sábado, 13 de junio de 2020

How does hypertension affect oral health?

Oral Medicine

The World Health Organization attributes hypertension, or high blood pressure, as the leading cause of cardiovascular mortality. An elevated arterial pressure is probably the most important public health problem in developed countries.

It is common, asymptomatic readily detectable and easily treatable, and if untreated, often leads to complications. Although our understanding of the pathophysiology of elevated arterial pressure has increased, in 90 to 95% of cases the etiology is still largely unknown.

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As a consequence, in most cases hypertension is treated non-specifically, resulting in the large number of minor side effects and relatively high non-compliance rate. The ratio of hypertension frequency in women versus men increases from 0.6 to 0.7 at age 30 to 1.1 to 1.2 at age 65.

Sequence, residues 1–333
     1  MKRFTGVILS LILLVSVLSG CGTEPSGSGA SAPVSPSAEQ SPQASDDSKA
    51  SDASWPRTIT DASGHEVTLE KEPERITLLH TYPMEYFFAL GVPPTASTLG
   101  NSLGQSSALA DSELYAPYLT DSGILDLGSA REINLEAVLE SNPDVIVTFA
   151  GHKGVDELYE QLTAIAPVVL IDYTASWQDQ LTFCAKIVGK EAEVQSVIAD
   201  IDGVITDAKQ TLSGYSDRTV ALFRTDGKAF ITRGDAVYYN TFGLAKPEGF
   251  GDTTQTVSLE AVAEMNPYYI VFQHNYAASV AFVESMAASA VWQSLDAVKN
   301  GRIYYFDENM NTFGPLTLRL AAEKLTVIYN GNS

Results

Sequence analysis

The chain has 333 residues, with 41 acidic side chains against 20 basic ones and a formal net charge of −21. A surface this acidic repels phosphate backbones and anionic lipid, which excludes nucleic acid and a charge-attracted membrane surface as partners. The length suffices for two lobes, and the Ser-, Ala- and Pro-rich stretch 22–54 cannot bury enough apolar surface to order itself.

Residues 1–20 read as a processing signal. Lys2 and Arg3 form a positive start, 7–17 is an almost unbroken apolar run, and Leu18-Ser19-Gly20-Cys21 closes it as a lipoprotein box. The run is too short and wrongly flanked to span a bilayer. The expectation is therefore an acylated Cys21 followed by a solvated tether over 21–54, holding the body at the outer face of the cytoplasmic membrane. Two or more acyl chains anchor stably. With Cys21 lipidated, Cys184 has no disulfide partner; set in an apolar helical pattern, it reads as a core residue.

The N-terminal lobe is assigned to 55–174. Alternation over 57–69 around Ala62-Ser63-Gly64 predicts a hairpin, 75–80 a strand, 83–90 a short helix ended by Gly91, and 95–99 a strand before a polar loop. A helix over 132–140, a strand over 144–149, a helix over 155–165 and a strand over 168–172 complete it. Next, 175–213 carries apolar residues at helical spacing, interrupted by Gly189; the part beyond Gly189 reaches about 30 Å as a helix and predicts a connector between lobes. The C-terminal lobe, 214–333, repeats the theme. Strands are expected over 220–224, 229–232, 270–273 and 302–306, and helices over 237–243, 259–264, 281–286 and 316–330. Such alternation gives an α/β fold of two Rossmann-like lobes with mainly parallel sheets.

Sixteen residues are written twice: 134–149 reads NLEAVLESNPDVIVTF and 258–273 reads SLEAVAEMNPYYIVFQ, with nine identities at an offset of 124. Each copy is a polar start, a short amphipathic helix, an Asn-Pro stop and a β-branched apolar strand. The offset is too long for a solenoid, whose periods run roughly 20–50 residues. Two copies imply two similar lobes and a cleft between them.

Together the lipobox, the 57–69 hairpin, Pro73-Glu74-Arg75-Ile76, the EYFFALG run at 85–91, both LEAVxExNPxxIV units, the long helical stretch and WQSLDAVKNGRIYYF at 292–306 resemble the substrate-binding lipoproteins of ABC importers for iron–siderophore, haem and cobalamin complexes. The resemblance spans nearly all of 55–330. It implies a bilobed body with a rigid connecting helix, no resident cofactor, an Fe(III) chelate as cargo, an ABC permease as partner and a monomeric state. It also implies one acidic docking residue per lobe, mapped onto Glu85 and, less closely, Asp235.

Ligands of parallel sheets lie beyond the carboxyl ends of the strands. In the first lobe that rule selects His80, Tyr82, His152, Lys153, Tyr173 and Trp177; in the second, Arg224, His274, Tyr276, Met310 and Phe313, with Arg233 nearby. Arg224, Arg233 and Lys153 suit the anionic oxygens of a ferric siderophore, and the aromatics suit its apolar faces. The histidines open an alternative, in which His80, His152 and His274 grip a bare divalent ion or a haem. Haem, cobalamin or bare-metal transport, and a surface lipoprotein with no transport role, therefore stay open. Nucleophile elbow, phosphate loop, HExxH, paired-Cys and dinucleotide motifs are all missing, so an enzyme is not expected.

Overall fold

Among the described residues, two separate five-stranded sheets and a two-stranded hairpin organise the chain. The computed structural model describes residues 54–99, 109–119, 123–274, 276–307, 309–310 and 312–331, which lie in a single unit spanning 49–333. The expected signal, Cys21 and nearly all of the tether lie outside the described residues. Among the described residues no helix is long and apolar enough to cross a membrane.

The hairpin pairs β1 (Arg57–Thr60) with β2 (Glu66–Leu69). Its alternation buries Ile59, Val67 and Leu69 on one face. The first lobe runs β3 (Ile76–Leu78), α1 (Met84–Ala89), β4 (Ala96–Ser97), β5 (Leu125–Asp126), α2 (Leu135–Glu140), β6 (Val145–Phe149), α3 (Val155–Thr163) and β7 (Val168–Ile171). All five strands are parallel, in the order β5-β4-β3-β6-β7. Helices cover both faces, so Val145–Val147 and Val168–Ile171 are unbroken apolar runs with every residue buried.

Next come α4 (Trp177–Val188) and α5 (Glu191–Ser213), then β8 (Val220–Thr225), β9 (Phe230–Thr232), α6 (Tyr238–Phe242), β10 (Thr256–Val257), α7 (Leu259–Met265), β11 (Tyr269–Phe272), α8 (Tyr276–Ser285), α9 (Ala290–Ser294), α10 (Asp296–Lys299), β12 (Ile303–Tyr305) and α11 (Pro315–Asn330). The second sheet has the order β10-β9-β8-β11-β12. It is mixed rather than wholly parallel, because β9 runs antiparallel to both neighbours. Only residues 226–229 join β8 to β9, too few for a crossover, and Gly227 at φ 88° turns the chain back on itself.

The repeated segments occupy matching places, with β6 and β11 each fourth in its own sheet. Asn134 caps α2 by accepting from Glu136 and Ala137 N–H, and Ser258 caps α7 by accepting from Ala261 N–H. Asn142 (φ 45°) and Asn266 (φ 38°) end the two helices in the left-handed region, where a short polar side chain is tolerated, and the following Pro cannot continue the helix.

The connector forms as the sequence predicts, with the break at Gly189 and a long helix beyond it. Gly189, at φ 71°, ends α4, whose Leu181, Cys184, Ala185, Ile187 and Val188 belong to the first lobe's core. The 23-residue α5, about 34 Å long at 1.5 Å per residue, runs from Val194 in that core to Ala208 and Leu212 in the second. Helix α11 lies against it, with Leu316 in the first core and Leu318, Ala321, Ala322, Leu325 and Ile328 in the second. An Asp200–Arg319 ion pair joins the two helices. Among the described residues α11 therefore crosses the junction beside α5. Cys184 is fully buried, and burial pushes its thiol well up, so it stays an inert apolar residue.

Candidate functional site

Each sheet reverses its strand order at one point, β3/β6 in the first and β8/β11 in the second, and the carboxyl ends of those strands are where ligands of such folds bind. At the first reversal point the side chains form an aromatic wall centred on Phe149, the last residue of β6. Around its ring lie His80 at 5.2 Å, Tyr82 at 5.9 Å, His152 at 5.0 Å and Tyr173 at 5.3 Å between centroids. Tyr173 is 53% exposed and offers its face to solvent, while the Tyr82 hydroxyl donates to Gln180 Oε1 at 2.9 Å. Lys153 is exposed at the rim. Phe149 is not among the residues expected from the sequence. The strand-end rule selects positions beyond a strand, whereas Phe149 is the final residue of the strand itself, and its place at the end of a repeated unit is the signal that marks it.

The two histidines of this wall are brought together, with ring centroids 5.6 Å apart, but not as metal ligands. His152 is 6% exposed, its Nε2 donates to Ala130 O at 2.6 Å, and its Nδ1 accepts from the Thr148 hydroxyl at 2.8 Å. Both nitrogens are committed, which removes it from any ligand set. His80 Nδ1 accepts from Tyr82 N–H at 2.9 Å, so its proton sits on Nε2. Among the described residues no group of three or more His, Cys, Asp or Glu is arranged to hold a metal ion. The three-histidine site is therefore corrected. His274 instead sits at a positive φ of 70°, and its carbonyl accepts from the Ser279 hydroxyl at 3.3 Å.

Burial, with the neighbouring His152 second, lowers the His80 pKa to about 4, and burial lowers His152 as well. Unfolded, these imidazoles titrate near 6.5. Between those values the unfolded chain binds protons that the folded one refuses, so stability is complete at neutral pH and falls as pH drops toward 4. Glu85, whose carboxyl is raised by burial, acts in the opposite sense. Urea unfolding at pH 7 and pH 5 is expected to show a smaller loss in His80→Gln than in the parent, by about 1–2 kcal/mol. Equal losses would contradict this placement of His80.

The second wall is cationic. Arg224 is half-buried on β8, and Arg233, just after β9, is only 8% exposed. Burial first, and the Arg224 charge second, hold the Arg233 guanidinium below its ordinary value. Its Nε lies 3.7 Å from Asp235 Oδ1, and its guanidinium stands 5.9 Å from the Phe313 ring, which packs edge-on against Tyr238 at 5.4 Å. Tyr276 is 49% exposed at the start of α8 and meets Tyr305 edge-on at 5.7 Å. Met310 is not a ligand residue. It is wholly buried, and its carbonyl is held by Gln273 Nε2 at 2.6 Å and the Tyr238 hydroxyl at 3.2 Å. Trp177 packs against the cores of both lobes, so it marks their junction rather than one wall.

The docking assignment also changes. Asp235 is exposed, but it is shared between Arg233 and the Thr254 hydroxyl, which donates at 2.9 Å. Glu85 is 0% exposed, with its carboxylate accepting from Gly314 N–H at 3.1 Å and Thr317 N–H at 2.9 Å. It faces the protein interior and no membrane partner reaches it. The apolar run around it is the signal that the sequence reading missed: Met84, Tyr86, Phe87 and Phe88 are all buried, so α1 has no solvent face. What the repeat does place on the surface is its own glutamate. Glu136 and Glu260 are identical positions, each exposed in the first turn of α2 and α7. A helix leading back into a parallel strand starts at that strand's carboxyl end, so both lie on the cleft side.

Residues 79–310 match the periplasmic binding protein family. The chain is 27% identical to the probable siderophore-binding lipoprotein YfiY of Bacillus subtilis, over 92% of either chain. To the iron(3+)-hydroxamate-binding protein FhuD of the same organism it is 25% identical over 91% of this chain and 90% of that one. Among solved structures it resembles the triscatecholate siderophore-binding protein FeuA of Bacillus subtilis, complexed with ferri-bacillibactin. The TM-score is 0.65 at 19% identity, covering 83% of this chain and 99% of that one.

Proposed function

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Oral Medicine

Dentists have a rare opportunity to detect cases of hypertension. It is a professional responsibility of a dental clinician to inform the patient of their hypertensive state and to offer medical advice, including epropriate referrals.

Souce: Journal of Oral and Maxillofacial Pathology Vol. 16 Issue 2 May - Aug 2012 215
Authors: Prashant Kumar, KMK Mastan, Ramesh Chowdhary, K Shanmugam

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